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Key elements of the Fourth EU Anti-Money Laundering Directive

Stronger rules to respond to new threats shall apply from 26 June 2017

By Barbara Bandiera
Studio Legale RCC
Milan, Italy


The Directive (EU) 2015/849, the so-called Fourth EU Anti-Money Laundering Directive (Fourth AMLD), was adopted to update and improve the Directive 2005/60/EC, the so-called Third EU Anti-Money Laundering Directive, with the aim of further strengthening the EU’s defences against money laundering and terrorist financing and of ensuring the soundness, integrity and stability of the financial system. The main objectives of the Fourth AMLD are:

- to safeguard the interests of society from criminality and terrorist acts;

- to contribute to financial stability by protecting the soundness, proper functioning and integrity of the financial system;

- to safeguard the economic prosperity of the European Union by ensuring an efficient business environment, and

- to strengthen the internal market by reducing complexity across borders.


The Fourth AMLD, applicable, among others, to independent legal professionals:

- fully takes into account the Recommendations of the Financial Action Task Force (FATF), the world anti-money laundering body, adopted on 16 February 2012. The FATF Recommendations set a comprehensive and consistent framework of measures which countries should implement in order to combat money laundering and terrorist financing, as well as the financing of proliferation of weapons of mass destruction. Countries have diverse legal, administrative and operational frameworks and different financial systems, and so cannot all take identical measures to counter these threats. The FATF Recommendations, therefore, set an international standard, which countries should implement through measures adapted to their particular circumstances;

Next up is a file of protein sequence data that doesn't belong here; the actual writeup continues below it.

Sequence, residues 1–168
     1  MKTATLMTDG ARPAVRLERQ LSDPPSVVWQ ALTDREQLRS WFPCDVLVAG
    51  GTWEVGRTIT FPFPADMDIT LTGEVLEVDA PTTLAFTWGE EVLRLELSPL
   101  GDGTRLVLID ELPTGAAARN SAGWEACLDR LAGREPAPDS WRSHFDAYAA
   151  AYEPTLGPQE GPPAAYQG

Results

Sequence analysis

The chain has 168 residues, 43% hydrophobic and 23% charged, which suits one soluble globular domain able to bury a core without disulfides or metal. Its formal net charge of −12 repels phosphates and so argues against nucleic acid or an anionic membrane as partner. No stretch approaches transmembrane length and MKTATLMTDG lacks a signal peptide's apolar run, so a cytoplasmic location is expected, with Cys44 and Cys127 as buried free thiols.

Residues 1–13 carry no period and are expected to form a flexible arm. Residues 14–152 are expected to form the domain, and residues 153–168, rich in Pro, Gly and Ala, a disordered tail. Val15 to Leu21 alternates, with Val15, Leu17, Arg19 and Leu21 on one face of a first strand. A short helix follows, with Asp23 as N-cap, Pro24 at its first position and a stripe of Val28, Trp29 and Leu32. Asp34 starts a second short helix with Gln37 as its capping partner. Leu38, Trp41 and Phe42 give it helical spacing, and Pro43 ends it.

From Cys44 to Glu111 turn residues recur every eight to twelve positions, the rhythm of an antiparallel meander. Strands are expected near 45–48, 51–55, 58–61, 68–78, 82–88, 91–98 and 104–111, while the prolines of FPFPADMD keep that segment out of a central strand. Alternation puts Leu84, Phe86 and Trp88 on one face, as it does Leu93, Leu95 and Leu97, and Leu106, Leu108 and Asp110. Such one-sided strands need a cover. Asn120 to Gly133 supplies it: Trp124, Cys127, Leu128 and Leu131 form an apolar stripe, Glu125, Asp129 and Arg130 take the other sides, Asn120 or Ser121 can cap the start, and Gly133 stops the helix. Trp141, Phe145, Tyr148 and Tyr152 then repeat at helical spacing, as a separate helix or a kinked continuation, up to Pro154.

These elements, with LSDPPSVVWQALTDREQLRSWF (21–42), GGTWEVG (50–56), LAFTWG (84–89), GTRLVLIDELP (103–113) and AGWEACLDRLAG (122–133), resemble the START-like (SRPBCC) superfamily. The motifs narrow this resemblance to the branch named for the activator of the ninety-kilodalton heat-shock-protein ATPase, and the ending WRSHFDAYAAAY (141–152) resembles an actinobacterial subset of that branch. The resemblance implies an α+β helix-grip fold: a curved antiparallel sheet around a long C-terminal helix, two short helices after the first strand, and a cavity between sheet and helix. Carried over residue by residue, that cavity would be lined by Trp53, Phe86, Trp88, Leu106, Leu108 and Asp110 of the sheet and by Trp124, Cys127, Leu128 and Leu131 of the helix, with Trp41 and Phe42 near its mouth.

- applies a risk-based approach to better target risks;

- lays down rules for customer identification, record keeping and reporting of suspicious transactions. In particular, with regard to customer due diligence, the Fourth AMLD establishes that beneficial ownership information on corporate and other legal entities has to be held in a central register in each EU Member State;

- foresees a reinforcement of the sanctioning powers of the competent authorities;

- strengthens the cooperation between different national Financial Intelligence Units (FIUs) whose tasks are to receive, analyse and disseminate to competent authorities reports about suspicions of money laundering or terrorist financing. With reference to the FIUs, the G7 (Finance Ministers and Central Banks’ Governors Meeting, Bari, Italy, May 12-13, 2017) highlighted that the FIUs will continue to work together, share best practices and identify areas to improve in international cooperation and implementation of international standards, including possible improvements in domestic regulations and practices, in the context of the different national frameworks.


Barbara Bandiera

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